A proof is semantically correct if each proof obligation is correct – meaning that the assertion follows from the usable facts. Thus, the following could be a semantically correct proof:

However, we would not expect any computer program to check its
correctness. For most mechanical theorem provers, a proof is
checkable if the current version of the prover will verify the proof.
A TLA+ proof is checkable if each of its obligations is checkable.
Since the language is independent of any prover, there can be
no precise definition of what constitutes a checkable obligation. In
practice, a proof step is checkable if there is *some* backend
verifier that accepts it. You should resist tailoring your proof to
particular backends because your proofs will then become
unmaintainable as TLAPS evolves. Instead, if a backend verifier does
not accept a leaf proof, you should try to simplify the reasoning
further using a new level of proof. Eventually, your proof will
produce obligations of sufficiently low complexity that they will
likely continue to be accepted by future versions of TLAPS.

That being said, there are some cases in which you may want to
bypass the default behavior of TLAPS. You may want to
give a longer timeout to the default backend provers. Or you may
want to call particular specialized backend verifiers that perform
better than general purpose theorem provers for certain fragments
of logic. We call these specialized
procedures *tactics*. These tactics are declared in
the `TLAPS.tla`

standard module.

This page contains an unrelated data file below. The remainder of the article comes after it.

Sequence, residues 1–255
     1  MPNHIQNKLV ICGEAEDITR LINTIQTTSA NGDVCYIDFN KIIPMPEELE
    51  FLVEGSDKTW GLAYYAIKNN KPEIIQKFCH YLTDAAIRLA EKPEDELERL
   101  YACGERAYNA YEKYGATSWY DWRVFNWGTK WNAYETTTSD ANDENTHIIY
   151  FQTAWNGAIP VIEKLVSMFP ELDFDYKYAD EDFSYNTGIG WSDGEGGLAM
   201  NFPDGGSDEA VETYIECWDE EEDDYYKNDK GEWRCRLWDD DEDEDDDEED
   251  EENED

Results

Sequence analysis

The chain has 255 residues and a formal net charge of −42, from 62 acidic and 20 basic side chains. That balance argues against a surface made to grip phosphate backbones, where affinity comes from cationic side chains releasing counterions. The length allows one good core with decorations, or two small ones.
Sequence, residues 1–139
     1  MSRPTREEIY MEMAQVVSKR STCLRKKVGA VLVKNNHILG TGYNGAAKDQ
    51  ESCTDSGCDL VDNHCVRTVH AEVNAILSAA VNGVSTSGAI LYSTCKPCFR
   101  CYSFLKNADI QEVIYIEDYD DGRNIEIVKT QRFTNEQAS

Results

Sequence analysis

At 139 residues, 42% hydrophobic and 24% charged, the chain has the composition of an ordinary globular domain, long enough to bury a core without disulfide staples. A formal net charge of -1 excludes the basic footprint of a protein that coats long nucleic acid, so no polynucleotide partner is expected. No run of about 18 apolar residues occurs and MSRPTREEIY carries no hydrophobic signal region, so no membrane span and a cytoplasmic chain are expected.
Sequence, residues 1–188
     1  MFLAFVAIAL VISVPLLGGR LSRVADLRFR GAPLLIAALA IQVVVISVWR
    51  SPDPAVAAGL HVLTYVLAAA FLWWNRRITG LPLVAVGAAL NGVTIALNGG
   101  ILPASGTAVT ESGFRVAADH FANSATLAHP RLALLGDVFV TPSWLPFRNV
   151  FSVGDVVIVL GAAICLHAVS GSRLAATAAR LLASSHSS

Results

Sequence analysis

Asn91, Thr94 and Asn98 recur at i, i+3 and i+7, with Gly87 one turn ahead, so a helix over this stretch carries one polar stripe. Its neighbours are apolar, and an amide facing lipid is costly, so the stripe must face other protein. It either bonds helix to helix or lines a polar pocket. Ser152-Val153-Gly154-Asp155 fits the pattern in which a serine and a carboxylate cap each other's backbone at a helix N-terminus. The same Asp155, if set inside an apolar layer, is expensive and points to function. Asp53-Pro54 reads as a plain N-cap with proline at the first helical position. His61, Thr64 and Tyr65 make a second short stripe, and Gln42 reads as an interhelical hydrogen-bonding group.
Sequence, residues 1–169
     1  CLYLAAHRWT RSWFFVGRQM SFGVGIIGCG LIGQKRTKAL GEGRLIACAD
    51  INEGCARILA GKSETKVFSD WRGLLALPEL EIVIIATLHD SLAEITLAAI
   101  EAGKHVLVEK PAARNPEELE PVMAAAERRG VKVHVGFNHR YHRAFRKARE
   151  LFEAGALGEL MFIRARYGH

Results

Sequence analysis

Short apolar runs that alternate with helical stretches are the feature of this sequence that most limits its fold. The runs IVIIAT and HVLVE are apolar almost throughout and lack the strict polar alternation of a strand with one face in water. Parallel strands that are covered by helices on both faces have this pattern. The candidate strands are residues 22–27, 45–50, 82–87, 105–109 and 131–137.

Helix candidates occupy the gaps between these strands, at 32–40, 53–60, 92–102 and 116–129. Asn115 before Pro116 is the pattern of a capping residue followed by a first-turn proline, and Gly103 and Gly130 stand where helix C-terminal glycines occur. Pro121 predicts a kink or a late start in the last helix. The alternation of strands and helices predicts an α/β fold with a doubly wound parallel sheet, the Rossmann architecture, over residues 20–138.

For proving an obligation, the default behaviour of TLAPS
is to try three back-ends in
succession:

SMT is the baseline SMT solver (by default Z3); it is tried with a timeout of 5 seconds.Zenon is a tableaux-based prover for first-order logic; it is tried with a timeout of 10 seconds.Isa is the automatic tactic`auto`

of the Isabelle prover; is tried with a timeout of 30 seconds.

BY ZenonT(30) | Modifying Zenon timeout. |

BY Isa | Calling directly Isabelle with default tactic and timeout. |

BY IsaT(60) | Modifying Isabelle timeout. |

BY IsaM("blast") | Modifying Isabelle tactic. |

BY IsaMT("blast",60) | Modifying Isabelle timeout and tactic. |

Note: the Z3 solver is
distributed with TLAPS. If you want to use CVC4
you have to download and install it from
CVC4. Please check that
you are allowed to install a version according to the licensing
conditions of these solvers, and make sure
that the executables are in your `$PATH`

.

The

BY SMT | Call baseline SMT solver with default timeout of 5 seconds. |

BY SMTT(60) | Call baseline SMT solver with a different timeout. |

In order to
invoke Z3 explicitly, use
the

BY Z3 | Call Z3 backend with default timeout of 5 seconds. |

BY Z3T(60) | Call Z3 with a different timeout. |

In order to
invoke CVC4, use
the `CVC4`

or `CVC4T`

identifiers in
a `USE`

or
`BY`

clause (but remember
that CVC4 is not distributed with TLAPS).

BY CVC4 | Call CVC4 backend with default timeout of 5 seconds. |

BY CVC4T(60) | Call CVC4 with a different timeout. |

If you want to change the baseline SMT solver, you have three options.

`--solver`

command-line option to tlapm with the solver's command line
(described below) as argument, surrounded by single quotes. If you use the
ToolBox, you have to click on "Launch Prover" to give
that argument (see Advanced
options). The option and argument would be entered in the text
box as follows:
solver | text box contents |
---|---|

CVC4 | `--solver 'cvc4 -L smt "$file"'` |

Z3 (Windows) | `--solver 'z3 /smt2 "$file"'` |

Z3 (Linux, MacOS) | `--solver 'z3 -smt2 "$file"'` |

`"$file"`

in place of the
file name. Here are a few examples:
solver | command line |
---|---|

CVC4 | `cvc4 -L smt "$file"` |

Z3 (Windows) | `z3 /smt2 "$file"` |

Z3 (Linux, MacOS) | `z3 -smt2 "$file"` |

`TLAPM_SMT_SOLVER`

environment variable to be the
command line described above. For example, under Linux you should
add the line
export TLAPM_SMT_SOLVER='cvc4 -lang smt2 "$file"' |

`.bashrc`

).